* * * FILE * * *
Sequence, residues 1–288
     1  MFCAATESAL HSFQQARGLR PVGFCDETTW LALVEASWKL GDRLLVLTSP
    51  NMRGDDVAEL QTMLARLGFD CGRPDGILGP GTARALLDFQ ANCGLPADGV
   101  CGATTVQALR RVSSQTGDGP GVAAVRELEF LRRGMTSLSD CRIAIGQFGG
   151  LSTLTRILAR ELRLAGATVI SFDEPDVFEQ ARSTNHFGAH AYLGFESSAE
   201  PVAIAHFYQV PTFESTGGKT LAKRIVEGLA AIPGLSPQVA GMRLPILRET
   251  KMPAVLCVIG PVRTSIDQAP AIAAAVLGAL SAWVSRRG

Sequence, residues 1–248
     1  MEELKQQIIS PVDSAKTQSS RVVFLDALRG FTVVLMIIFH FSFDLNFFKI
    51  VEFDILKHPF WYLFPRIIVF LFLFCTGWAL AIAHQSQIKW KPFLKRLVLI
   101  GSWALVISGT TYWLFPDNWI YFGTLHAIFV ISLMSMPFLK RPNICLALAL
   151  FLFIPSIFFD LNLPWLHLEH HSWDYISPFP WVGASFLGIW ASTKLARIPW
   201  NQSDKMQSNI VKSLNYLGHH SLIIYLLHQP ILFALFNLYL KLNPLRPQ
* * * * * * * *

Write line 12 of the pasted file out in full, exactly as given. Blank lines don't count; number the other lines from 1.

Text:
   151  FLFIPSIFFD LNLPWLHLEH HSWDYISPFP WVGASFLGIW ASTKLARIPW